Miscellaneous - Converting a Spektrum DX7 from Mode 2 to 1

From Mode 2 to Mode 1
Oh no! I've bought a DX7 on the wrong mode

You are not alone! I bought mine on Mode 2 and then realised that there's no easy way to get it to function on Mode 1 (see diagram above for the differences in the modes). Apparently it requires a return to base firmware modification, at some cost.

After removing the back of the set and moving the ratchet from the left stick to the right, and vice versa with the return spring I found the only way I could implement 'delta' mixing was to create two custom mixers one mixing 'AIL to THR' and the other mixing 'THR to AIL'. Bear in mind that 'THR' in my case is actually my elevator servo.

The problems with this solution were that I lost Dual Rates on elevator - instead the elevator DR switch gave me throttle dual rate! Furthermore, I had some issues with the failsafe not doing what I wanted. Not good eh?

So what next?

All my web searches amounted to nothing so I decided to grab my soldering iron and see what I could do. Fortunately, it turns out that I could put the soldering iron away and just grab a crosspoint screwdriver instead! This is a non-destructive and completely reversible mod!

Disclaimer: I modded my Tx as I cannot be without it while it's sent away for official remoding. For 'proper' modding, why not send your set back to the source. If you wish to (probably) invalidate your warranty and be frustrated by losing tiny invisible screws then read on! Any damage caused to your Tx following these instructions is your doing.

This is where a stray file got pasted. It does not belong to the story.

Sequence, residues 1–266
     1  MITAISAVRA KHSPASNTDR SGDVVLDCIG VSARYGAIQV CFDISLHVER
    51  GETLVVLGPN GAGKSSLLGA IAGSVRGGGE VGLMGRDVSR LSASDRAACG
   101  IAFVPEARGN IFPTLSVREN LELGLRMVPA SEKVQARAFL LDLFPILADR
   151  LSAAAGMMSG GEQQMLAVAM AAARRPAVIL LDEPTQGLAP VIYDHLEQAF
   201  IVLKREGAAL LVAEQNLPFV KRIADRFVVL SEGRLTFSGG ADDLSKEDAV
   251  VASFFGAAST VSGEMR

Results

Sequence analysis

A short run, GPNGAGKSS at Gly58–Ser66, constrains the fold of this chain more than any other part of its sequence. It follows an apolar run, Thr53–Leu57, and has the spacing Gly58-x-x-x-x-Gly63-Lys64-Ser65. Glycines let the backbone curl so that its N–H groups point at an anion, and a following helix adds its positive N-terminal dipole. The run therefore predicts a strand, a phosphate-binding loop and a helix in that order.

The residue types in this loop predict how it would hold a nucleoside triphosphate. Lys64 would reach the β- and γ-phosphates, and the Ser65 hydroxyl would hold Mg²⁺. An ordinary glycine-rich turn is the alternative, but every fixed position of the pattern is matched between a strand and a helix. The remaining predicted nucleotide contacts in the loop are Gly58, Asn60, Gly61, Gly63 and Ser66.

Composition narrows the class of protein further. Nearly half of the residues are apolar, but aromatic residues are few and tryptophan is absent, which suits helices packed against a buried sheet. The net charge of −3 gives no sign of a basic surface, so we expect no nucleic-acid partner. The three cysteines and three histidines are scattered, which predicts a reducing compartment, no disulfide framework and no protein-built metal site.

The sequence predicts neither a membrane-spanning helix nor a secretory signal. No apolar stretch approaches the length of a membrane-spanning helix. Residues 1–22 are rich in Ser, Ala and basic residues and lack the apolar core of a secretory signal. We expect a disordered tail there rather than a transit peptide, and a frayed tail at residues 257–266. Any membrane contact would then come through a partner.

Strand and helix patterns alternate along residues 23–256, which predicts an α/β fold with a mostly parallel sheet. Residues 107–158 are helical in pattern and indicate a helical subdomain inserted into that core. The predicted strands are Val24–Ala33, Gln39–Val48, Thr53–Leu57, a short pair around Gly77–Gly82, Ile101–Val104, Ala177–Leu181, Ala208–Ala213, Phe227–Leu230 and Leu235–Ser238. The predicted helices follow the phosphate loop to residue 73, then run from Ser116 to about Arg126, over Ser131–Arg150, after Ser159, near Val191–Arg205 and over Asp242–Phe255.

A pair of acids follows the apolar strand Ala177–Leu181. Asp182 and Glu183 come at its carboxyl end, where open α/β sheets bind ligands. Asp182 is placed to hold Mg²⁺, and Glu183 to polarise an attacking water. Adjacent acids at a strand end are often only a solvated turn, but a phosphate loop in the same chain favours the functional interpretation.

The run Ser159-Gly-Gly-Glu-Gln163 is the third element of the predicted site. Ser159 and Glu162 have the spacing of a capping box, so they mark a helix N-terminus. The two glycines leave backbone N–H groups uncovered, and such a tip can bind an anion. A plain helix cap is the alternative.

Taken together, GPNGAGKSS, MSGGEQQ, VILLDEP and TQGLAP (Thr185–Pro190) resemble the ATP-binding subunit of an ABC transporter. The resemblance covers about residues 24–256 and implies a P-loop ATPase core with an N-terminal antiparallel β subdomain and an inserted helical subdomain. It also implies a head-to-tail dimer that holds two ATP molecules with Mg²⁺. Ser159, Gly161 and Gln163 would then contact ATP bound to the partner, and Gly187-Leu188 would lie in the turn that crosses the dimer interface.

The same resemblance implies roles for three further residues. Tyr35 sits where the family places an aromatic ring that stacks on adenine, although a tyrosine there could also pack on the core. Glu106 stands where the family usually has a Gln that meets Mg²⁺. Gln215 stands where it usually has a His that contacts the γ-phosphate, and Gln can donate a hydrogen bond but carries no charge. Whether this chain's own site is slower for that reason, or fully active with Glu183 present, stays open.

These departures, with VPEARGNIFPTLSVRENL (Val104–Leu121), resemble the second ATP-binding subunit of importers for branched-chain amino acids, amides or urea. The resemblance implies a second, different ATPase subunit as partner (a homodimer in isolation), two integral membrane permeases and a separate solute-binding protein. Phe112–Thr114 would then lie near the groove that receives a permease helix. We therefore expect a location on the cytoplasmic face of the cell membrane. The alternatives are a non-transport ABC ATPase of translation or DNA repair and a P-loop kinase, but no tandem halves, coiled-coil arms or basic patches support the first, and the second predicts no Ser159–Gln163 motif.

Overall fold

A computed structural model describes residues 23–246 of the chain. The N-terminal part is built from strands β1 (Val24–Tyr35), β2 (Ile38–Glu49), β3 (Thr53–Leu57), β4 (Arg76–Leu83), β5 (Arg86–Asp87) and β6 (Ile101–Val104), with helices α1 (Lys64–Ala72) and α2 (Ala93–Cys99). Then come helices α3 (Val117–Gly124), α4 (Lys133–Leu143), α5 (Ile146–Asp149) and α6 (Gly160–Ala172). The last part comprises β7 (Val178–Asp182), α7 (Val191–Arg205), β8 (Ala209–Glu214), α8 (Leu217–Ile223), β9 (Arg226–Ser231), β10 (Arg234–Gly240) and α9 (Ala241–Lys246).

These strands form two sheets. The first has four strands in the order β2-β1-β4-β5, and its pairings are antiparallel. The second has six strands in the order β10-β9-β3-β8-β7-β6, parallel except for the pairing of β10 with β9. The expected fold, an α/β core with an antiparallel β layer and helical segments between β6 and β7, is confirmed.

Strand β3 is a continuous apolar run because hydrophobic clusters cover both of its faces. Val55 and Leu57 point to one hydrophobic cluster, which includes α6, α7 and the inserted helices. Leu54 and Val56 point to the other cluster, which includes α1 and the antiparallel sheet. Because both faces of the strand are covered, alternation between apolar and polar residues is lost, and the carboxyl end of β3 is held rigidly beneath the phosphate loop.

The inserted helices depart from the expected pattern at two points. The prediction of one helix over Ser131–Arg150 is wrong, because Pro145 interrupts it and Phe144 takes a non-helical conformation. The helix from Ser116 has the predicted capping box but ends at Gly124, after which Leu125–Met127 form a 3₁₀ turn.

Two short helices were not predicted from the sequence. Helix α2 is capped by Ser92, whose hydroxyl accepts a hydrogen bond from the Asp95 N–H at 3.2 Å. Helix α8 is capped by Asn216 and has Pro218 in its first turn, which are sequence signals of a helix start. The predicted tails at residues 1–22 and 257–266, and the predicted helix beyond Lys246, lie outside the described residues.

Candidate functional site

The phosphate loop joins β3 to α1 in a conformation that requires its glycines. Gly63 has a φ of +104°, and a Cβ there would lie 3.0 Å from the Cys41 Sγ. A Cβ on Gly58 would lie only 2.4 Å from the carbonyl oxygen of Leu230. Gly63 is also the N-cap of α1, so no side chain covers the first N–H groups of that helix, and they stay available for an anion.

Note: any screws you take out, please put them somewhere safe - and preferably in separate piles with a note to say where they're from.

Let's get started - remove the backplate

OK, flip the Tx over take out the battery and unplug it, remove all the case screws and then remove the back of the Tx.

You'll find that a single circuit board containing the battery socket is attached to the backplate. It's easier if this is removed so you can get the backplate completely clear. Notice that the orange/grey wire attach to the circuit board where it says 'red/black' - irrelevant but made me chuckle. The single crosspoint screw detaches this PCB.

NOTE - from now on, the pictures will show the sticks labeled as they appear from the front of the set! Also note that, as mentioned, I've already changed the ratchet and spring to my mode.

The mission objective

Our mission is to somehow get the output from the right stick (six white wires with a brown one) over to the opposite side of the board where the left stick (six white wires with an orange one) are plugged in. However, they're not plugged in. The white connector is a soldered joint despite appearances and even if we could successfully unsolder all six at once, would it work? Who knows?

An easier solution would be to swap the Y axis potentiometers, i.e. to make the left stick turn the right potentiometer and vice versa. These are fortunately mounted on symmetrical PCBs and so can be directly swapped.

See diagram below - incidentally, in this diagram I've carefully removed the RF board from the Tx by removing the four black screws holding it in place. Handle this with care and, if you unplug the antenna lead please remember to replace it later!


However - the astute reader will notice that the digital trim switches will be reversed, but you can't have everything right?

Set the wiring free